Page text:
Opus Dei's influence promotes a sainthood

Financial Times (London)/October 6, 2002
By Leslie Crawford

Madrid -- The Euros 480,000 (Pounds 302,000) campaign to canonise the founder of Opus Dei, the deeply conservative, secretive and powerful organisation within the Catholic Church, reached its climax yesterday when he was declared a saint by Pope John Paul II.

The canonisation of Monsignor Josemaria Escriva de Balaguer comes a mere 27 years after his death, an unusually brief interlude that indicates Opus Dei's financial clout and its influence within the Vatican. One member is Joaquin Navarro-Valls, a former bullfighter and a Spaniard like Escriva, is the Pope's official spokesman. Opus Dei, whose name means "Work of God", was founded in 1928 and is perhaps best known for providing Gen Francisco Franco with the economic blueprint that modernised Spain in the 1960s and 70s. Several members of the dictator's government belonged to Opus Dei, as did many bankers, businessmen, judges and academics who supported the regime.

But the order, which boasts some 80,000 lay members worldwide and 1,800 priests, is arguably even more influential today. In Spain, Opus Dei has enjoyed a revival since the election of a centre-right government six years ago. Several present and former members of Jose Maria Aznar's government, including Frederico Trillo, the defence minister, are close to Opus Dei.

Opus Dei followers are said to control some 150 companies in Spain: they are sometimes known as the "Holy Octopus" or the "Holy Mafia". After his accession in 1978, Pope John Paul II saw Opus Dei as a natural ally in his fight against liberation theology and liberal Catholicism.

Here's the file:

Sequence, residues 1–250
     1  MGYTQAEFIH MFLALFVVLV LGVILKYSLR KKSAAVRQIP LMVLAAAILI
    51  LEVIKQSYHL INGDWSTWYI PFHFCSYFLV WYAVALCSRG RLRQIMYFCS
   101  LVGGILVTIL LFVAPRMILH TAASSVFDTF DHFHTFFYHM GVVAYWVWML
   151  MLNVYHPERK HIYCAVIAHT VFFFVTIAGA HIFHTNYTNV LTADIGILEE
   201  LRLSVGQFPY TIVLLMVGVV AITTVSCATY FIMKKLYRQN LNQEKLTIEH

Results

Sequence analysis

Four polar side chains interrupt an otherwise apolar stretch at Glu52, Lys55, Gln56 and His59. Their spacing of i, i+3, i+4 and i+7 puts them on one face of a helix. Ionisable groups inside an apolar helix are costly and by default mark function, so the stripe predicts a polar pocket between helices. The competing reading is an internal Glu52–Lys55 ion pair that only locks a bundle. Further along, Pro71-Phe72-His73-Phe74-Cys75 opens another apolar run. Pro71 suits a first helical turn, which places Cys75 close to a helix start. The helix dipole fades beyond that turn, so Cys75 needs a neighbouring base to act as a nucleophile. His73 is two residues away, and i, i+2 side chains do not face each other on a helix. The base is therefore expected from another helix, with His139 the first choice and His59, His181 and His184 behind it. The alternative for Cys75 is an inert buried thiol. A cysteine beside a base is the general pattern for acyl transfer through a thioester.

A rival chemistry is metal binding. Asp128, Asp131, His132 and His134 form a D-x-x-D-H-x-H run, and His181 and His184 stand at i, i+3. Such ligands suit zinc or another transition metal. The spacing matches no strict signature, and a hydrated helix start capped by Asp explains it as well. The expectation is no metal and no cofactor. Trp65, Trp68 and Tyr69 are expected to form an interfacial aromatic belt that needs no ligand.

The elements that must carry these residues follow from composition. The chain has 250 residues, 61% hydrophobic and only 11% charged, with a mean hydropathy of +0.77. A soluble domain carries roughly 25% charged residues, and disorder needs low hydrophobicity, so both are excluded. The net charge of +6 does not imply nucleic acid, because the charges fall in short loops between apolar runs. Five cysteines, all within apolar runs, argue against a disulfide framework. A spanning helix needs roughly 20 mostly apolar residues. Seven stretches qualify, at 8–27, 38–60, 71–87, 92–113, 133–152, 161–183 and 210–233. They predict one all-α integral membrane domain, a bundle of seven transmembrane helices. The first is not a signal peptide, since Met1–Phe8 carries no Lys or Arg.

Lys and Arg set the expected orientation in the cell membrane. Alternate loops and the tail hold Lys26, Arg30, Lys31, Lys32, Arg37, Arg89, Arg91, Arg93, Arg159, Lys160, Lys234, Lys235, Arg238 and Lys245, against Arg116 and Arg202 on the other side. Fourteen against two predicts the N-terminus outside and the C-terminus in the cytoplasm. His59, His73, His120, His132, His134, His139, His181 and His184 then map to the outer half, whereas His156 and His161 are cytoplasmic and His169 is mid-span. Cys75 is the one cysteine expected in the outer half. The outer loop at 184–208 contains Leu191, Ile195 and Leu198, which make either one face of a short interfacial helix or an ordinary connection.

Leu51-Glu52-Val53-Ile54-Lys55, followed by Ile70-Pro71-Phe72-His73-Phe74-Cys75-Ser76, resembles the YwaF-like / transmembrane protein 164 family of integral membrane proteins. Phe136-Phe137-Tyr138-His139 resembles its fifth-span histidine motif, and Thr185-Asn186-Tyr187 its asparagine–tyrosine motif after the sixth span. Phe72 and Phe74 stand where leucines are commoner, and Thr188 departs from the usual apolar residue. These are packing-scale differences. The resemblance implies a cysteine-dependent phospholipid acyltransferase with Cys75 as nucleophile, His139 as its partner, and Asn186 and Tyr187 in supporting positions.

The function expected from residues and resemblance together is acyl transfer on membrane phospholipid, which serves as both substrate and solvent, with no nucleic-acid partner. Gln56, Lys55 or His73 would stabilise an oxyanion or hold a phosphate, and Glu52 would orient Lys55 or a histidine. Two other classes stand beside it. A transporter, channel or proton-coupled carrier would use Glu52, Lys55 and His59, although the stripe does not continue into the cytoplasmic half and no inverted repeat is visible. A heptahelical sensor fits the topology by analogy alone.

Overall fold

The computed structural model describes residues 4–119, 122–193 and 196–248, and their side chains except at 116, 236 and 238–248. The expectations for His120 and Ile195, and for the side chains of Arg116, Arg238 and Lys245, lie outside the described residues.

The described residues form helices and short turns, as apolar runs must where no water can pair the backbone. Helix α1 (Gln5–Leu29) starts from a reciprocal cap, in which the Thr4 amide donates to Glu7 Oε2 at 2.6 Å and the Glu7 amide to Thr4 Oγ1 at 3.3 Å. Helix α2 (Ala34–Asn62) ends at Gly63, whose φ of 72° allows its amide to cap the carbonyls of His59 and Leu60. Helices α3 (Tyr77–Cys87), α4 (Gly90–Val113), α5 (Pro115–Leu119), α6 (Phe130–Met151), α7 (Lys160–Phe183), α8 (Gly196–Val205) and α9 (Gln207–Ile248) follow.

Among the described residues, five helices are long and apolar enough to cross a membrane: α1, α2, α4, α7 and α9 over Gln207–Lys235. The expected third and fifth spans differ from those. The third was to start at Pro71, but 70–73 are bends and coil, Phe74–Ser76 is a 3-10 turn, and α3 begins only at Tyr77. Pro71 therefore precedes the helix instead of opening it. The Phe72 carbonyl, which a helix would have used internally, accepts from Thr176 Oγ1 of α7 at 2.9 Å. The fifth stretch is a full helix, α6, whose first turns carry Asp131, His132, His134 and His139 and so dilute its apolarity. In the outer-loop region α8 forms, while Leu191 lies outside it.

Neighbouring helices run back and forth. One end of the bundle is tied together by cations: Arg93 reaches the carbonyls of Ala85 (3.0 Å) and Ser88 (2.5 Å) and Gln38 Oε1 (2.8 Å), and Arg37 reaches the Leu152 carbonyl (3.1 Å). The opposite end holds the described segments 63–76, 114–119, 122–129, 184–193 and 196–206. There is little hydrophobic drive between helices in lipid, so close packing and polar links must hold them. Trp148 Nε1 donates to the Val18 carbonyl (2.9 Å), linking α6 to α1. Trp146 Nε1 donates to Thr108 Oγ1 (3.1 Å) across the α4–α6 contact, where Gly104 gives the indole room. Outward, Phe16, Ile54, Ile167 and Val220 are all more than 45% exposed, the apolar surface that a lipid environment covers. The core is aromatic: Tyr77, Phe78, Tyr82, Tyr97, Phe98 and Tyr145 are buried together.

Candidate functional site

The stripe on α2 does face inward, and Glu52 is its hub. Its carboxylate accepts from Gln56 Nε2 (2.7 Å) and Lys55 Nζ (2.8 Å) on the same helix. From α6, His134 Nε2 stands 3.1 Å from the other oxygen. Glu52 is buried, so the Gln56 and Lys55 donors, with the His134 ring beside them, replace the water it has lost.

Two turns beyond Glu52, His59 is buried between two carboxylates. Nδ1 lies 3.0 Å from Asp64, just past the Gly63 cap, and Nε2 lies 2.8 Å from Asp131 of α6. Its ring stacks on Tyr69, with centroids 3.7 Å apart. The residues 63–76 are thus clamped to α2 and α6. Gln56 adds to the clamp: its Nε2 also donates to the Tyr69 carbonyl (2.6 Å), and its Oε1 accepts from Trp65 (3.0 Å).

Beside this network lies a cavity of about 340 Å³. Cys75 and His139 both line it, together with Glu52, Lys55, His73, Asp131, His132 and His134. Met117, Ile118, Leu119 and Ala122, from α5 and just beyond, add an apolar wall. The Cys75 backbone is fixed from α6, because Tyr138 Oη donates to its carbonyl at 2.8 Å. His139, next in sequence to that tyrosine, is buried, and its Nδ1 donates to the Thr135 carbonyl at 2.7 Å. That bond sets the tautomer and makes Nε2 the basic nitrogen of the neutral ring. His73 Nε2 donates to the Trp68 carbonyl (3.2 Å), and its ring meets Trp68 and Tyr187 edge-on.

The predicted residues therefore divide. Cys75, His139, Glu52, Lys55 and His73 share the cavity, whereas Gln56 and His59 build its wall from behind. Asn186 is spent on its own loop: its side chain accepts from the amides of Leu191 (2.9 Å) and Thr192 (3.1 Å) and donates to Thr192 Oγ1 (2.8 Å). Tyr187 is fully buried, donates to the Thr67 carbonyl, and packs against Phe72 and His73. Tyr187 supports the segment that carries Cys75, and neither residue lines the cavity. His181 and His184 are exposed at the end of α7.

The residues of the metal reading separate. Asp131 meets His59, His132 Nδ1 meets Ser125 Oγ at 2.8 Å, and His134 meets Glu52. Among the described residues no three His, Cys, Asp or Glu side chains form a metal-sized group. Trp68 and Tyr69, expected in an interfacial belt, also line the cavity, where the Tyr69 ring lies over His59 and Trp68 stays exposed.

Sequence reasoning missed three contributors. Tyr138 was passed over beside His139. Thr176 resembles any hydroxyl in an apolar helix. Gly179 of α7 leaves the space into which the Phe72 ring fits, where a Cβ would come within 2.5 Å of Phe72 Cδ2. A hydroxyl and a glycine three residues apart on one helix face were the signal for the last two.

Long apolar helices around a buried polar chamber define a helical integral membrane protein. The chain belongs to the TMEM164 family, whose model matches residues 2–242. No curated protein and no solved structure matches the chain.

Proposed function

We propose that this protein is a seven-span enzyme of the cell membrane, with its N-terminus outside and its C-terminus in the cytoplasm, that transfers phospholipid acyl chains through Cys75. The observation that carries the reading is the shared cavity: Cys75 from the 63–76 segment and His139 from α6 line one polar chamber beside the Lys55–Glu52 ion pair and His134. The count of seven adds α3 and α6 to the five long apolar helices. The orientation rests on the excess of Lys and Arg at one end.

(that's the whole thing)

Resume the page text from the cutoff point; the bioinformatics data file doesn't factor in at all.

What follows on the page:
Escriva preached a conservative line favoured by the Pope, including strictures against homosexuality and birth control, mixed with a strong, personal antipathy towards "Godless" Communism born from his experiences during the Spanish civil war.

Opus Dei has a strong presence in academia, such as the elite University of Navarre and its IESE business school in Barcelona. The professions in which it is strongest, particularly in Europe and South America, are the media, medicine, the judiciary, education, and, above all, high finance and politics.

"Opus Dei's strategy of influencing the influential explains the organisation's focus on recruitment of students, intellectuals, professionals, and the wealthy," said Gordon Urquhart, a writer on religious affairs. "It pursues the Vatican's agenda through the presence of its members in secular governments and institutions and through a vast array of academic, medical, and grassroots pursuits."

Books written by former members describe humiliating rituals such as forced confessions, the censorship of personal letters and reading material, and the encouragement of flagellation and self-mutilation.

Escriva's canonisation was controversial, like the organisation he founded.

Leftwing Spaniards think the Vatican should not be making saints out of collaborators of fascist regimes, while liberal Catholics remain suspicious of Opus Dei's power-building within the hierarchy.

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